He gave the slogan that jal (water), jungle (forests) and zameen (lands) are the natural assets of the sons of the soil, and started non-cooperation by refusing to pay taxes to the nizam. The nizam sent army and police to suppress the tribal revolt. The guerilla military-trained gond youth started killing the army as soon as  soldiers approached their villages. Realizing that he cannot win over the tribal revolt, Nizam sent Asifabad collector to Komaram Bheem in the pretext of working out a truce.

The collector then promised that he would distribute land pattas to tribals in and around babejhari. The courageous lion Komaram Bheem didn’t fall for these obvious ploys. He announced that, `not just in jodeghat, the jal(water), jungle(forests) and zameen(lands) of all the 12 tribal villages are the customary and natural rights of his people, and hence nobody needs to give them land pattas’. He declared that `nizam had no right on the tribal lands’. He also warned the collector that `all his followers must be released from jail unconditionally, or else the battle will intensify’. The collector returned unsuccessfully. Immediately Komaram Bheem traveled to Hyderabad and stepped into nizam’s court. During those days, people were frightened of nizam’s army and his cruel militia, the razakars. But the fearless lion Komaram Bheem stood in the nizam’s court and declared that all rights in the 12 villages belong to the tribals only. The nizam was too stunned to react at this open act of defiance and revolt. But as soon as Bheem left, the nizam let loose his rogue army of razakars on the tribal hamlets.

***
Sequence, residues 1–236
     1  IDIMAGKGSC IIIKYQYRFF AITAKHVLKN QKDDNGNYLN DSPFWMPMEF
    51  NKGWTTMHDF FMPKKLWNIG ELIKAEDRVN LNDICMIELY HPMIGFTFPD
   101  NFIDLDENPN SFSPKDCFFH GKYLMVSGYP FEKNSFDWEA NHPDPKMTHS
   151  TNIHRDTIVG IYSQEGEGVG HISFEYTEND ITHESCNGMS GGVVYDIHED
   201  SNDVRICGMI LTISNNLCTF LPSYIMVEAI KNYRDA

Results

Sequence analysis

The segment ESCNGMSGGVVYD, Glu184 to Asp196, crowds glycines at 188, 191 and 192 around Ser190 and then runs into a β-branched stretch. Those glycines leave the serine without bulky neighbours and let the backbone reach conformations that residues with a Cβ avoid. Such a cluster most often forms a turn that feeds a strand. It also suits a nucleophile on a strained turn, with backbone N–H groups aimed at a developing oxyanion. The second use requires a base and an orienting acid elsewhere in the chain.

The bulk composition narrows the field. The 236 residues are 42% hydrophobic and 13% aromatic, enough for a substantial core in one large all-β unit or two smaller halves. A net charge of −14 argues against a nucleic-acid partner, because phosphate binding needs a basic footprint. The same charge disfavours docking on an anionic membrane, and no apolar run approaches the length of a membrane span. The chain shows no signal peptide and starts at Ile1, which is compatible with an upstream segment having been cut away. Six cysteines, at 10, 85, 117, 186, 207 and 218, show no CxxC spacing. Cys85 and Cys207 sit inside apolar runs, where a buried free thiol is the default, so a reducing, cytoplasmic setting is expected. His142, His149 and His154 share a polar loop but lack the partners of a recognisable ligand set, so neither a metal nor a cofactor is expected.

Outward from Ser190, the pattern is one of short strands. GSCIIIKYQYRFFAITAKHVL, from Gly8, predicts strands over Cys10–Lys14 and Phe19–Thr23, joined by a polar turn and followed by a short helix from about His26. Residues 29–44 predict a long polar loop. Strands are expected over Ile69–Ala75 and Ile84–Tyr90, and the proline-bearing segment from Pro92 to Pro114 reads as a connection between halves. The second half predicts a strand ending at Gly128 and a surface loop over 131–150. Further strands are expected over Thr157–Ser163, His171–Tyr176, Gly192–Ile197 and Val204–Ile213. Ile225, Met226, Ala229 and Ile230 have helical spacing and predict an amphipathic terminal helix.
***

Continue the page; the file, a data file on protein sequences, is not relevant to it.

The nizam army and the razakars unleashed their atrocities on the hapless gond tribals, molested countless women, targeted modern weapons and guns at the people. With the inspiration and training given by Bheem, the tribals started guerilla warfare even though they had no modern weaponry. Unable to face the ferocious battle headlong, the nizam’s army was looking for a clandestine opportunity to kill Bheem. In the year 1940, in the month of October Aswayuja Pournami, on the full-moon night, Komaram Bheem was asleep in the forests. The nizam’s talukdar (RDO)army surrounded Bheem and started firing in the middle of the night on an unarmed sleeping man. Bheem awoke and started battling with the nizam’s army. Komaram bheem’s army couldn’t withstand nizam army’s modern weapons for long, even though they fought most valiantly and fiercely. Finally the great fighter Komaram Bheem had fallen in the battleground; and every year to this day, people of Jodeghat commemorate his memory in great reverence.

The  only real tribute to this great tribal freedom fighter is to empower the tribals of asifabad, by giving them full rights on their lands, prevent alienation of tribal lands to non-tribals and build roads and infrastructure in jodeghat – asifabad- kerimeri in the still backward region, as well as provide education and health facilities to the people.